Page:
March 03, 2004

What You See is Not What You Get Or, how everyone thought that major newspaper websites online represented the content of the print edition and were wrong.
  • I'm apparently in the 1/3 minority, but I didn't really think they'd be the same thing. For one, I don't expect that the content would be released simultaneously with the print edition. Also, I'm a big proponent of making sure a web site isn't just a free version of something you sell, because I've been through the crash and I know where that sort of thinking leads. Of course, I am in the newspaper business, so I have a different perspective.
  • Maybe it seems a little obvious; I didn't think the content was identical before. But what surprised me was that the very editorial control of the online version is different; you can't read and say that it is The New York Times. Of course, this is kind of anecdotal. Who knows if this holds for most/all dual online/print papers or magazines?
  • The guardian's online content certainly gives more prominence to international stories than the paper does, I'd say. Probably to maximise advertising revenue from all the American's who read it, I suppose.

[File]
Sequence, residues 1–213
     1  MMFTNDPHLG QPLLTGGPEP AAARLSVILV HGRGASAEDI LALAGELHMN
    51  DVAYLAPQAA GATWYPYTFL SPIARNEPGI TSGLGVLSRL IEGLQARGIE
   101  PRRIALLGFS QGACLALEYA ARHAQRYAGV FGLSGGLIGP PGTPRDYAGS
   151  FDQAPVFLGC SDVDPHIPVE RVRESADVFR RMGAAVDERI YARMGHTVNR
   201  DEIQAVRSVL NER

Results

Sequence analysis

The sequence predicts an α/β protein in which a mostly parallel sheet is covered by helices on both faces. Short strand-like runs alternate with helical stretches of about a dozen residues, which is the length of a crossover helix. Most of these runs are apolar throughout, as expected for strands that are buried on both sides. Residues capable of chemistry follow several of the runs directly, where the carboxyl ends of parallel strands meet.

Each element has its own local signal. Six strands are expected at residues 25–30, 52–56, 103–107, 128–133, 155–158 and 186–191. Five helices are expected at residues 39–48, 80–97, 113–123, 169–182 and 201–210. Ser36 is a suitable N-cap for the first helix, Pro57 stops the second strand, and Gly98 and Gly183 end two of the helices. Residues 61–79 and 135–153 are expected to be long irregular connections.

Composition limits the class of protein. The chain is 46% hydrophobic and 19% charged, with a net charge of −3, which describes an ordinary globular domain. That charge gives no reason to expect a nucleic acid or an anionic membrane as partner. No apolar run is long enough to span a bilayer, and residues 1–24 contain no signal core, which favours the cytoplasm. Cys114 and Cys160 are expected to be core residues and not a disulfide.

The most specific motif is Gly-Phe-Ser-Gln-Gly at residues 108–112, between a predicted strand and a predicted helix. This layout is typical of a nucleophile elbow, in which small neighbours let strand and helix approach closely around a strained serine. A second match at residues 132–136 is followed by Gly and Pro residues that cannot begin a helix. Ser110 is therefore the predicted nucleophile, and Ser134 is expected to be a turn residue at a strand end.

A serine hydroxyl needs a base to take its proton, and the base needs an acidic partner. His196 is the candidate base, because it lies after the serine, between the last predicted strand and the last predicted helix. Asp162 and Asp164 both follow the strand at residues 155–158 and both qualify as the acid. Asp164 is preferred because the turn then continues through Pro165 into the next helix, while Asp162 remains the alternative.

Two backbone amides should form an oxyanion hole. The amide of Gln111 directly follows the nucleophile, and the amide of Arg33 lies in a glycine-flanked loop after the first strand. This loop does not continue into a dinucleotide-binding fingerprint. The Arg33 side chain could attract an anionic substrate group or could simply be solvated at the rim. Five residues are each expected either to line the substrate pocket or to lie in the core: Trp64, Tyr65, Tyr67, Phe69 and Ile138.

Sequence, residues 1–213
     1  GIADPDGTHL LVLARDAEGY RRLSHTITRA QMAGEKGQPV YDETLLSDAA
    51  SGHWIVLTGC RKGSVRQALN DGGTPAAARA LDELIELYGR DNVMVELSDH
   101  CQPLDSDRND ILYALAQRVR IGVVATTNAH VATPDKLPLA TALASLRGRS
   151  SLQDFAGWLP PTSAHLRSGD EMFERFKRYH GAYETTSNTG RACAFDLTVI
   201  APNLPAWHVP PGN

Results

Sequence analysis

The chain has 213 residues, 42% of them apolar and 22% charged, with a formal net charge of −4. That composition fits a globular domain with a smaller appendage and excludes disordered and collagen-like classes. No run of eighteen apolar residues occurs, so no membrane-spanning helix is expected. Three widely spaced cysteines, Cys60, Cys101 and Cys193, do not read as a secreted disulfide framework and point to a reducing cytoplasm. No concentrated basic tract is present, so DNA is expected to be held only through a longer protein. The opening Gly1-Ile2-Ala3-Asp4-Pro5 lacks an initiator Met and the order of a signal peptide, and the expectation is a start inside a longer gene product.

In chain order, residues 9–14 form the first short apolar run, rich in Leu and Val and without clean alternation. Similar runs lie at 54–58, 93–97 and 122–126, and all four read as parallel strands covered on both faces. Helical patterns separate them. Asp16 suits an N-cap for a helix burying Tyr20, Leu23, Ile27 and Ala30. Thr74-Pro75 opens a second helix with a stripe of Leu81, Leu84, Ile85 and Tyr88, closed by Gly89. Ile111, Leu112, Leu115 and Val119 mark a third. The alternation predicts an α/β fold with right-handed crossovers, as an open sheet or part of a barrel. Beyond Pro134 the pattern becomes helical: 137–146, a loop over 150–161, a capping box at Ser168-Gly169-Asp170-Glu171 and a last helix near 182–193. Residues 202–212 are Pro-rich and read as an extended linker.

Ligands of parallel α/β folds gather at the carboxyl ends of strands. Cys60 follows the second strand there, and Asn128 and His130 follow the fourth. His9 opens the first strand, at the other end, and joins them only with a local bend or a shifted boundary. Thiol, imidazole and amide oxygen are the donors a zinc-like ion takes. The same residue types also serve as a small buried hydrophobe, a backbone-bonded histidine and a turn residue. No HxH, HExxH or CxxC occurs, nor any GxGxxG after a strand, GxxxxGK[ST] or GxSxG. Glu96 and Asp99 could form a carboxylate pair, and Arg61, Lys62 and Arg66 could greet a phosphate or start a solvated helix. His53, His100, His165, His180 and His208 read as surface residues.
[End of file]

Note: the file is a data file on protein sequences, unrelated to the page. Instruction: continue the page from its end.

• The Times offers a premium pay service that allows you to see the paper exactly as it is printed in paper form online.
  • Is the difference that actual articles might be slightly different? And some not included, of course. But will any articles appear online that don't in print?
  • The Guardian website certainly has articles and features which only appear online. I don't know about any of the others, though.
  • The Guardian and the Observer are available online as 'digital editions', which are exactly the same as the print editions. It's a paid-for service as of a few days ago, and costs